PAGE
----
In the week since David Bowie’s death, there has been an outpouring of grief from people all over the world, as well as an avalanche of essays (including this one) from people vainly attempting to attach themselves to his greatness. All of this is understandable. Bowie was a musician, actor, artist and fashion icon. Whenever anyone dies, there is a sense of lost opportunities. The greater the person, the greater the sense of loss.I never considered myself a Bowie fan, in particular, but I did have a great deal of admiration for both the man and his work.
I’ve also had this bizarre (and perhaps undeserved) feeling of closeness and propriety toward him because I live two blocks from his New York apartment.
On the day after his death, I passed his apartment and there were news vans and a crowd of people outside. I was filled with a sense of both loss and disgust. I was tempted to take a picture, but I decided that that would make me as intrusive as the news vans and crowds, so I didn’t.
As the days passed, I found myself mentally going over his music and my experience of it.
Since I was only an adolescent in the ’70s, I feel like I missed out on a good deal of Bowie’s output. Bowie may have had his avant-garde side, but he was also a hit-maker, capable of creating hits on AM radio. I distinctly recall the first time I heard “Space Oddity,” which was released around the time of the Apollo moon landing. I immediately liked it.
“Changes,” “Fame” and “Young Americans” also made it onto AM radio. In fact, he had enough hit records to release a greatest hits album, ChangesOneBowie, in 1976.
But I missed his whole Ziggy Stardust period and, listening to songs from that period now, I can’t understand why those songs weren’t also hit records. To my ears, “Life on Mars” and “Starman” are every bit as commercial-sounding as “Space Oddity,” “Changes” or “Fame.”
But you have to remember the era in which those songs were created.
It’s hard to imagine now how revolutionary Bowie was when he first came onto the music scene. (There’s an excellent documentary called David Bowie: Five Years which makes it abundantly clear.)
America was emerging from the singer-songwriter period of James Taylor, Carol King and Elton John (whose later songs/image were undoubtedly influenced by Bowie) and entering the era of California rock.
That’s what was so great about the ’70s: disco and punk were happening at the same time. (Take note, Vinyl writers!) CBGB and Studio 54 existed at the same time (and Bowie probably went to both). The American airwaves were filled with the Eagles and Fleetwood Mac, while in England the glam-rock of Bowie and T-Rex were segueing into the punk of the Sex Pistols.
This is the era in which Bowie created Ziggy Stardust and the later albums of his Berlin period.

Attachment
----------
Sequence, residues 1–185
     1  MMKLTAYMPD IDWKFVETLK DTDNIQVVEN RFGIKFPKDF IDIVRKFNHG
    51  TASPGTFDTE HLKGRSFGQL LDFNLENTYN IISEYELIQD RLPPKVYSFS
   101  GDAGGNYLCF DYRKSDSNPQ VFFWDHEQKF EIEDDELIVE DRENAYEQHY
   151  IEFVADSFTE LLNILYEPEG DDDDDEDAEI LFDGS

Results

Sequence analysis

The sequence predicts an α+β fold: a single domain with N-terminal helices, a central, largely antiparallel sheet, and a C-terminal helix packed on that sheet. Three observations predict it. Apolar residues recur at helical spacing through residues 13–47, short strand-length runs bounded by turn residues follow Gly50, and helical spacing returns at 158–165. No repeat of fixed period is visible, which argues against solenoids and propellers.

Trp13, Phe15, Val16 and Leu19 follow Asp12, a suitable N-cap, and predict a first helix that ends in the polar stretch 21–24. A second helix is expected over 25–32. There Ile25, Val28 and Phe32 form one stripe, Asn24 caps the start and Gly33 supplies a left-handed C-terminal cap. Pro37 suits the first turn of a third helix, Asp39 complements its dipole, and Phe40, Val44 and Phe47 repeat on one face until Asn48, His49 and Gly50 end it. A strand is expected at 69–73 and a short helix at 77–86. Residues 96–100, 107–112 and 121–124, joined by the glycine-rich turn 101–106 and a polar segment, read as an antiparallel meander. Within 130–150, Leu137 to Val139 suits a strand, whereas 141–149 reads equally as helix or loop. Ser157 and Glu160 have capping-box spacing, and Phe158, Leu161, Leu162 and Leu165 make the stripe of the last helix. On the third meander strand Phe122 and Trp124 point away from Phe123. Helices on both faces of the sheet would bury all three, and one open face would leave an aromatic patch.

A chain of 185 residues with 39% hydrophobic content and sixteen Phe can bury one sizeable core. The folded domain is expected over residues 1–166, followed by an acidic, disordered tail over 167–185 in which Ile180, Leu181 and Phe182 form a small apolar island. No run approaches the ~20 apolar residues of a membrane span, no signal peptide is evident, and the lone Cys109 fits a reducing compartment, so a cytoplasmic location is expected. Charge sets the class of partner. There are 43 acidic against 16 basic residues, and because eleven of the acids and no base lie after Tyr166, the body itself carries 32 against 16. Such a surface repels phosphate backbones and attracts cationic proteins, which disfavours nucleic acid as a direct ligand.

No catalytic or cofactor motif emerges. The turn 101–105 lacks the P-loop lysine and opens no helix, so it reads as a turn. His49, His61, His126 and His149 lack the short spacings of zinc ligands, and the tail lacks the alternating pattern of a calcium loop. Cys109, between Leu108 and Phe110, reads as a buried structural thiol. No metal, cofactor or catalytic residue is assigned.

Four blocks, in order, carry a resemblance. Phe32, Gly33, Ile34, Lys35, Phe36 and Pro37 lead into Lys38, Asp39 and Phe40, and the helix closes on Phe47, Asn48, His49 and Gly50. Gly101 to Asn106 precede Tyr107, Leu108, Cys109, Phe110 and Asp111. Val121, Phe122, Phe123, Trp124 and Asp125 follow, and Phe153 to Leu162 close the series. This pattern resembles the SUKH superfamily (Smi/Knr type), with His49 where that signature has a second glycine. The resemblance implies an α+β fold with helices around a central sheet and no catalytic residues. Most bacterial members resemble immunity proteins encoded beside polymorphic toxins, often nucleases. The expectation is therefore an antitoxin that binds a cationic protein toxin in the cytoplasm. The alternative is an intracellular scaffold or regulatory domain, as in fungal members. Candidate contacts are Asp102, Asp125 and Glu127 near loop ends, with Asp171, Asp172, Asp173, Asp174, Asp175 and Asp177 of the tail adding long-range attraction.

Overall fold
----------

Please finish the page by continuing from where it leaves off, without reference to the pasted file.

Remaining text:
It wasn’t until I got into college that my tastes and Bowie’s musical output merged with the release of Scary Monsters. This was also, to my ears, a very commercial-sounding album. “Ashes to Ashes” picked up the story and otherworldly sound of “Space Oddity.” “Fashion” had a funky bass line like “Fame.” What was not to like?
But the album that sent Bowie into the stratosphere was Let’s Dance. This album also coincided with the birth of MTV and Bowie’s videos from this album were in constant rotation. One of the biggest regrets of my life was not seeing the “Serious Moonlight” tour (which was featured in the video for “Modern Love”).
Bowie then entered a period where, as he himself has said, he was writing more for the audience than himself. Tonight and Never Let Me Down continued his commercial trajectory (and I did catch his “Glass Spider” tour, but it was anti-climactic).
But then, the following year, after playing large arenas, he played a small club in the East Village called The World with a band named Tin Machine!
Several more albums followed, but Bowie stopped touring in 2004 and maintained a low profile thereafter.
So, it was a kind of a shock to have, in the space of a few days, Bowie release a well-reviewed new album on his birthday and then die seemingly all of a sudden.
In truth, Bowie had already narrowly escaped death at least once or twice before.
In the ’70s, during his heavy drug period, Bowie actually looked worse than he did shortly before his actual death. There’s a widely circulating photograph of Bowie with John Lennon and Yoko Ono at the Grammy Awards where he looks like a skeleton.
But his death still feels sudden, partly because he didn’t seem to be fully present even when he was alive.
There’s an excellent article in The New York Times1 which talks about the way Bowie was able to walk the streets of New York City unnoticed. I think this is because everyone in New York thinks they’re a celebrity—and they’re all too busy looking at their cell phones.
I only saw Bowie once, although I’ve seen his wife, Iman, several times.
It’s kind of a funny story, actually.
I was walking down Lafayette Street when I saw two white men (who I assumed to be gay), one of them wearing sunglasses, walking with a young black girl and I thought, “How nice! Those two gay white men adopted a little black girl!” It wasn’t until after I had passed them that I realized that the white man wearing sunglasses was David Bowie and the little black girl was probably his daughter.